Ring the alarm
Young voters are more progressive than ever, but record 2020 turnout and support for Democrats in 2024 is far from guaranteed
In the simplest terms, when the Democratic party nominee for president garners 60% of the youth vote, Democrats win. Otherwise, it’s ugly for them.
President Obama won 66% of 18–29-year-olds in 2008; in 2012, he earned 60%.
President Biden reached 60% in 2020;
But Vice President Gore (48%), Senator Kerry (55%), and Secretary Clinton (55%) each fell short.
Building from a foundation of:
Meaningfully increased levels of youth participation in midterm and presidential campaign cycles since 2018 (translation: Gen Zers and young millennials are out-voting geriatric millennials, Gen X, and baby boomers when they were young, and it’s not close);
Growing support for a progressive Democratic policy agenda (click here for details); and
Antipathy for the modern MAGA Republican party;
means there’s a tremendous opportunity for the national Democratic Party to build upon recent efforts and lock down the youth vote in 2024 and beyond.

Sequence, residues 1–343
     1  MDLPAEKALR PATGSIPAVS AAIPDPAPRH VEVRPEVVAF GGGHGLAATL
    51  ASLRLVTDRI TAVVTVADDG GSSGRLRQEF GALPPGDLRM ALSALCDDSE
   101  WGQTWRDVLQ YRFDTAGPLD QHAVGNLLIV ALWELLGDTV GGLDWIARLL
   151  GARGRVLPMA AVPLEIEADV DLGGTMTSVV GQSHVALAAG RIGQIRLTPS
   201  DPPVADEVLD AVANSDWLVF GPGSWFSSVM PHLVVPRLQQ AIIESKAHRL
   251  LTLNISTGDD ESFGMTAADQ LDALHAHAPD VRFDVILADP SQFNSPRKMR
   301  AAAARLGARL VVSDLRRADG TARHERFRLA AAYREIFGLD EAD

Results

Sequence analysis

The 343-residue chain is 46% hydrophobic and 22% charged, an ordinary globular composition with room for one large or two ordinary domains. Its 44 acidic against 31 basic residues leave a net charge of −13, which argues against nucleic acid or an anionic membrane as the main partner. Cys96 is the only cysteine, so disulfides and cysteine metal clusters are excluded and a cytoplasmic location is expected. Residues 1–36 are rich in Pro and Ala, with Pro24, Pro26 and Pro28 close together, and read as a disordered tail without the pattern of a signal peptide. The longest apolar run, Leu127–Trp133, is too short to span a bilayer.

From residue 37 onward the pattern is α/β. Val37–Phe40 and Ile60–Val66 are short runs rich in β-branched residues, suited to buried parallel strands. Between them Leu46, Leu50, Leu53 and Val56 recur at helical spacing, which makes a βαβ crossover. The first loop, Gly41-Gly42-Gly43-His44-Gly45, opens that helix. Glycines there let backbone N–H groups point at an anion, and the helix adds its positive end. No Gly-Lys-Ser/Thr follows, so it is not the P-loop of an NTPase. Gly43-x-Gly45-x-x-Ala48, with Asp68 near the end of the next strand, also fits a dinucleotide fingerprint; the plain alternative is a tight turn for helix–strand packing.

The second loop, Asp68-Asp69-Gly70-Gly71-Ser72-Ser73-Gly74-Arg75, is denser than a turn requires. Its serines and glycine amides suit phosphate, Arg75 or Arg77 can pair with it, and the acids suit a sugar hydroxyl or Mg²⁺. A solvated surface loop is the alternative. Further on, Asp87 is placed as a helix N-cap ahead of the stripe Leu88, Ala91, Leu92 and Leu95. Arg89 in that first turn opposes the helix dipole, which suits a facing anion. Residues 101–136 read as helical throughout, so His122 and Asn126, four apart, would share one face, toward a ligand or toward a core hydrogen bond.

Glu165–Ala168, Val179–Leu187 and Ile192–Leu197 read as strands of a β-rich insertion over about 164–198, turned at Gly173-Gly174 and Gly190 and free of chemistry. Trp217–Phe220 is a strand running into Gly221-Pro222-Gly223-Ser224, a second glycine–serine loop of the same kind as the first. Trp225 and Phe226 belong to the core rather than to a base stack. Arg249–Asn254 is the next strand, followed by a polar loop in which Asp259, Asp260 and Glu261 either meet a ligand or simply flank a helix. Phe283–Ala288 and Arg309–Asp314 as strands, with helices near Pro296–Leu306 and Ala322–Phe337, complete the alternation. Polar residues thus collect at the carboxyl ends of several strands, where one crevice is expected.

In 2020, President Biden flipped five battleground states in large part due to the combination of record-level turnout and youth support. Voters aged 45 and older chose Trump in Arizona, Georgia, Michigan, Pennsylvania, and Wisconsin. President Biden won the under-30 cohort by roughly a 20-point margin and millennial voters in their 30s by high single digits.
In 2022, Democrats again lost voters over the age of 45; it was near record level turnout and double-digit margins among Zoomers and millennials across nearly every battleground state that propelled Democratic Senate and House candidates.
However, despite the high youth engagement levels in the Trump/Zoomer era and support for a progressive agenda -- we must not assume that 2024 will yield the same results.
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